recently stumbled upon is a recent and untested find. It’s from the famous Kew Gardens in England. Kew Gardens holds some authority in the horticultural world, housing botanical research and one of the world’s largest collections of plants. Can’t have any pansy munchers there now, can we? The recipe is simple. In a plastic bucket with a spout, combine one egg yolk (no whites), a tablespoon of baking soda and a liter of water. Blend with an immersible blender. Strain and pour into a sprayer. Make this twice a month, spraying more often if the rains dilute the scent. They say it doesn’t affect texture or smell. I think: “It’s probably fine for pansies, daylilies, hosta. But on my salad?” Still, I’ll probably try it, and hope. The other solution is an eight-foot-high fence enclosing the garden. Some say a high fence will ruin the landscape, but I have a friend who did this, and her garden space is very, very attractive. No, my argument against a high fence is one of economics. It’s hard for me to justify spending thousands on a fence for my vegetables, beloved though they are. But Vixen and her reindeer games are getting to me. For the first time in years, I failed to plant October strawberries. I did manage some late veggies, unorthodox though my methods are. Currently, I’m growing fall and winter greens either in little tents of fence wire, or under unlovely sections of fence laid over buckets. It’s not pretty, it’s not large-scale, but it will do to keep us in fresh nibbles while I ponder the next move. Really good, fresh fruits and vegetables grown in a dark, spongy, life-rich soil are one of life’s deepest pleasures. The most pleasurable way for me to get them is homegrown. Perhaps you already have a kitchen garden solution. If so, I’d sure like to hear it — not something you read about or heard from a friend of a friend, mind you, but something you actually have deployed with stunning success. The fight is not over yet. I will report back from the front. PS

Currently, I’m growing fall and winter greens either in little tents of fence wire, or under unlovely sections of fence laid over buckets.

Jan Leitschuh is a local gardener, avid eater of fresh produce and cofounder of the Sandhills Farm to Table Cooperative.

December 2015 P���������������������������������������������������������������������������������������������������������������������������������������������������������� PineStraw : The Art & Soul of the Sandhills


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PineStraw : The Art & Soul of the Sandhills . . . . . . . . . . . . . . . . . . . . . . . . . . . . . . . . . . . . . . . . . . . . . . . . . . . . . . . . . . . . . . . . . . . . . . . . . . . . . . December 2015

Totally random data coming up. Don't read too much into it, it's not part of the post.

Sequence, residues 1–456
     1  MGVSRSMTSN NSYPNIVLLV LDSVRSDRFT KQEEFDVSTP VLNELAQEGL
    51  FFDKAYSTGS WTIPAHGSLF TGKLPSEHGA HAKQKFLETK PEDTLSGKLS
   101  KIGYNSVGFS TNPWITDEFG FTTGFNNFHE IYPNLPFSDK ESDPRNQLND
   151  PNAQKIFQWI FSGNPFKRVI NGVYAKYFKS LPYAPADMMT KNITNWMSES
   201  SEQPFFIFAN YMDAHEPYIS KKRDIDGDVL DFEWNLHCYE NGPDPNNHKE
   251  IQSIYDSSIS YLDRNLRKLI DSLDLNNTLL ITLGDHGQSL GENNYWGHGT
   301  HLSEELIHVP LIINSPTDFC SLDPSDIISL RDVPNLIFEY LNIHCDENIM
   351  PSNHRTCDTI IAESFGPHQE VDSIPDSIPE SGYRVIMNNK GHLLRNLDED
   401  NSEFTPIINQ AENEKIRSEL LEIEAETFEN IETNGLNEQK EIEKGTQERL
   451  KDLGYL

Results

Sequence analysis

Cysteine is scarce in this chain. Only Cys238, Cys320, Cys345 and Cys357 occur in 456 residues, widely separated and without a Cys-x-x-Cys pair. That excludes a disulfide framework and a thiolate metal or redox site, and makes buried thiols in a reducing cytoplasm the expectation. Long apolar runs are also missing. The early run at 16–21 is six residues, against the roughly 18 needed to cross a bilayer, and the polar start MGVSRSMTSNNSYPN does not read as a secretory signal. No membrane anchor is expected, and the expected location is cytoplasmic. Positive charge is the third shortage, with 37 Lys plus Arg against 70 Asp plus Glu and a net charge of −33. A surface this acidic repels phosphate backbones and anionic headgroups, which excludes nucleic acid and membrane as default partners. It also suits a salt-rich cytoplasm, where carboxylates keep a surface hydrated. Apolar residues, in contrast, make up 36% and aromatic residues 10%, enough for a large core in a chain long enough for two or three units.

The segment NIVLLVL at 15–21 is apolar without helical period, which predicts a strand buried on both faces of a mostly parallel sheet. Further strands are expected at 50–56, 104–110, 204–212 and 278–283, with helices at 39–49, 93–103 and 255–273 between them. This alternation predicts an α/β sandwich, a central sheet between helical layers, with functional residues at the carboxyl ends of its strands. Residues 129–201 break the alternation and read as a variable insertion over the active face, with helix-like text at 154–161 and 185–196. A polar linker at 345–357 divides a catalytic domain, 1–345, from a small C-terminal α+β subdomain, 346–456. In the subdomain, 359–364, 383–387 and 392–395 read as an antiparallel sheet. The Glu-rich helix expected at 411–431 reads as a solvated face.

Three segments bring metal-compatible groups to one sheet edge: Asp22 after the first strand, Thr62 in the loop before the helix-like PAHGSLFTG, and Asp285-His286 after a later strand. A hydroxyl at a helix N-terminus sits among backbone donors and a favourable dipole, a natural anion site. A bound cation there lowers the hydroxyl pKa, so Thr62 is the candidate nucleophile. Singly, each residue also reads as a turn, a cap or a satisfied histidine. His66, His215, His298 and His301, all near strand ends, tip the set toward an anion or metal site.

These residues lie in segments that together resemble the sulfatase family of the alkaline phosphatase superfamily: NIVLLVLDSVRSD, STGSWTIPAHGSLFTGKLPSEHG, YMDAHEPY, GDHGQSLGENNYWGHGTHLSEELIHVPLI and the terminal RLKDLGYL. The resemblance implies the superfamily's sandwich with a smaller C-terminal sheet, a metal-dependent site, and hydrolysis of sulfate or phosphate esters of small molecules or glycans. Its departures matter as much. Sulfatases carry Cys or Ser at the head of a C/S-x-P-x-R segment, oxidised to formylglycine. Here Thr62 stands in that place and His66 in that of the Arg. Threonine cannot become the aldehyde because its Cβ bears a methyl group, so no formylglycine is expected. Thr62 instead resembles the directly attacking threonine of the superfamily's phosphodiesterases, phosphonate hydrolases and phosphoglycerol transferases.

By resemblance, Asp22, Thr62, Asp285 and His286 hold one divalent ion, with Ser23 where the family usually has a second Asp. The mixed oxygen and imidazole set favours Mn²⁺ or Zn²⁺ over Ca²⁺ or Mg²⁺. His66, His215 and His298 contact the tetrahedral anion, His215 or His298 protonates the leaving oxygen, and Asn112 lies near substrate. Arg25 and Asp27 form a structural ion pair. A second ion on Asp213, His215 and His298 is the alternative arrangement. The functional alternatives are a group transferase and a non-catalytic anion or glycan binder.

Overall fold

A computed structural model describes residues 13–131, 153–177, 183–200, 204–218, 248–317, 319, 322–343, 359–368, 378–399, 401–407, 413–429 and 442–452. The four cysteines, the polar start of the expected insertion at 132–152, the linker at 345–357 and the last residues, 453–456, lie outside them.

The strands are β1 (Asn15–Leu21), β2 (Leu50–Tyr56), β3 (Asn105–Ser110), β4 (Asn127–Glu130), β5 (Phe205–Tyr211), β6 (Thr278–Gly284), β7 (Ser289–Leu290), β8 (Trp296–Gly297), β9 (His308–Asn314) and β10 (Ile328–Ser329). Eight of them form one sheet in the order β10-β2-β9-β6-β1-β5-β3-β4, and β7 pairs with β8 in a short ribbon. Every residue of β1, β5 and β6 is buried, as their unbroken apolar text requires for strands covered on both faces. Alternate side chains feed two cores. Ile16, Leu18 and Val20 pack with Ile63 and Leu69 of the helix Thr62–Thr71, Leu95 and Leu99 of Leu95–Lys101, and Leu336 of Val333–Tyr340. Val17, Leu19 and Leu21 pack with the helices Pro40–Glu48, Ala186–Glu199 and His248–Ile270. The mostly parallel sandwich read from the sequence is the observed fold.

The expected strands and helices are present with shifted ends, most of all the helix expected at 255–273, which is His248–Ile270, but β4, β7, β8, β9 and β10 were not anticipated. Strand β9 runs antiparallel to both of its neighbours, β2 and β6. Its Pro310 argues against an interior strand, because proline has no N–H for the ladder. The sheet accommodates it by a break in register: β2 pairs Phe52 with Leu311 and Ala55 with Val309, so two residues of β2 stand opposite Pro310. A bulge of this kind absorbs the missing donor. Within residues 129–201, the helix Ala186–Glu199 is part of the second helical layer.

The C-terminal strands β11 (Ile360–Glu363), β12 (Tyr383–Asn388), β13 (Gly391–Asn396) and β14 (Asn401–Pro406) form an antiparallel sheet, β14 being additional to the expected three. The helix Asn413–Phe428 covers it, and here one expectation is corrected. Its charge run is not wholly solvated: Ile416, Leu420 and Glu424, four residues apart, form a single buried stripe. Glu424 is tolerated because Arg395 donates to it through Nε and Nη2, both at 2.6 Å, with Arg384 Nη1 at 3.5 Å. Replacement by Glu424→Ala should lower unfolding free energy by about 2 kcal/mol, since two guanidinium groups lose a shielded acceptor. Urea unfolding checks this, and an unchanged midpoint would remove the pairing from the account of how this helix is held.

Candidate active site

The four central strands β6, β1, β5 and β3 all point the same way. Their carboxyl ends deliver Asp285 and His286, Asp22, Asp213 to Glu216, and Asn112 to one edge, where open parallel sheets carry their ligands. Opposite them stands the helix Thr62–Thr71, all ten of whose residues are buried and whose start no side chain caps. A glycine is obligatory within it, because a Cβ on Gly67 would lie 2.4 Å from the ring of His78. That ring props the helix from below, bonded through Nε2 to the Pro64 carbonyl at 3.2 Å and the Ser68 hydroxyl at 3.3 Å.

Light her Fire this Year HOLIDAY SALE

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Vine Wisdom

Gifts for the Grape Geek Great seasonal wines and gadgets that are sure to please

By Robyn James

The wine industry is

going through a huge growth spurt, with more and more millennials making wine their drink of choice upon turning 21 years of age. Previously the industry’s target demographic was 44-66 years of age, but now, with 25 percent of all wine consumed by this new generation, the times are changing.

Whether young or old, here are some timeless gifts that will delight the oenophile on your Christmas list. The last one is perfect for the wine/techie fan!

Martinez 20 Year Old Tawny Port, approx. $30

Everybody loves an older tawny during the winter months, a delicious treat by the fire. “This has always been an excellent 20-year-old. Pretty aromas of light caramel, custard and flan. Medium-bodied, with toffee and boiled sweets character. Very long and refined. A totally delicious Port. Drink now.” Rated 92 points, The Wine Spectator

Veuve Clicquot Rosé Champagne, approx. $77

Made from predominantly pinot noir grapes, this is the most recognizable Champagne house, and the quality is sure to be appreciated. “The color of ballet shoes, this offers a floral nose partnered with a rich palate of flavor, subtly woven with brioche, toasted nut, black raspberry, apricot and graphite notes. This vibrant wine maintains a sense of elegance throughout.” Rated 91 points, The Wine Spectator


How about giving a friend a wine trip through France? Seek inspiration in this selection of three wines from the regions of Bordeaux, Burgundy and the Loire Valley.

Christian Moreau Chablis, Burgundy, approx. $29 (chardonnay)

“The 2014 Chablis Villages has a crisp, chalky bouquet which feels a little more astute than the previous vintage. The palate is well balanced with quite piercing acidity, racy and linear with a slightly austere, slightly spiced, classic Chablis finish. It would serve as a perfect, affordable introduction to the delights of the region.” Rated 89 points, Robert Parker, The Wine Advocate

Château Graves De Rabion Saint-Emilion, Bordeaux, approx. $17

This is a well-balanced classic St. Emilion with a fine nose of black cherry fruit with black olive flavors and well integrated tannins. This is a quite concentrated, ripe raspberry scented red with dried flowers and herbal

notes. Rich, fleshy and round.

Petit Bourgeois Rosé of Pinot Noir, Loire Valley 2013